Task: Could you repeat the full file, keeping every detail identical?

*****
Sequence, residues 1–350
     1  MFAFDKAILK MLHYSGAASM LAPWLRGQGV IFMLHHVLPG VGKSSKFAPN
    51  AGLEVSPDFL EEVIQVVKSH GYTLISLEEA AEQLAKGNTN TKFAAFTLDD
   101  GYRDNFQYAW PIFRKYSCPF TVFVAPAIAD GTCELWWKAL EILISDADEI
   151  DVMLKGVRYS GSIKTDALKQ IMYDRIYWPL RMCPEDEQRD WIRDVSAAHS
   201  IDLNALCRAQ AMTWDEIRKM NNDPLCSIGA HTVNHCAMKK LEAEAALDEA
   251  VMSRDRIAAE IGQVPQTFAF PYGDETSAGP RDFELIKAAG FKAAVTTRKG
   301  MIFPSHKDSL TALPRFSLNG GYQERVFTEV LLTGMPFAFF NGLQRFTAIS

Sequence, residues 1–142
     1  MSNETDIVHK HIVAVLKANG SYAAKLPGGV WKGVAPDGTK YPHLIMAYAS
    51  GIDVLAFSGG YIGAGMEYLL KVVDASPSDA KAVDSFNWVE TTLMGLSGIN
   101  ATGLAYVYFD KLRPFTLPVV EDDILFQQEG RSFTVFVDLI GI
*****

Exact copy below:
Sequence, residues 1–350
     1  MFAFDKAILK MLHYSGAASM LAPWLRGQGV IFMLHHVLPG VGKSSKFAPN
    51  AGLEVSPDFL EEVIQVVKSH GYTLISLEEA AEQLAKGNTN TKFAAFTLDD
   101  GYRDNFQYAW PIFRKYSCPF TVFVAPAIAD GTCELWWKAL EILISDADEI
   151  DVMLKGVRYS GSIKTDALKQ IMYDRIYWPL RMCPEDEQRD WIRDVSAAHS
   201  IDLNALCRAQ AMTWDEIRKM NNDPLCSIGA HTVNHCAMKK LEAEAALDEA
   251  VMSRDRIAAE IGQVPQTFAF PYGDETSAGP RDFELIKAAG FKAAVTTRKG
   301  MIFPSHKDSL TALPRFSLNG GYQERVFTEV LLTGMPFAFF NGLQRFTAIS

Sequence, residues 1–142
     1  MSNETDIVHK HIVAVLKANG SYAAKLPGGV WKGVAPDGTK YPHLIMAYAS
    51  GIDVLAFSGG YIGAGMEYLL KVVDASPSDA KAVDSFNWVE TTLMGLSGIN
   101  ATGLAYVYFD KLRPFTLPVV EDDILFQQEG RSFTVFVDLI GI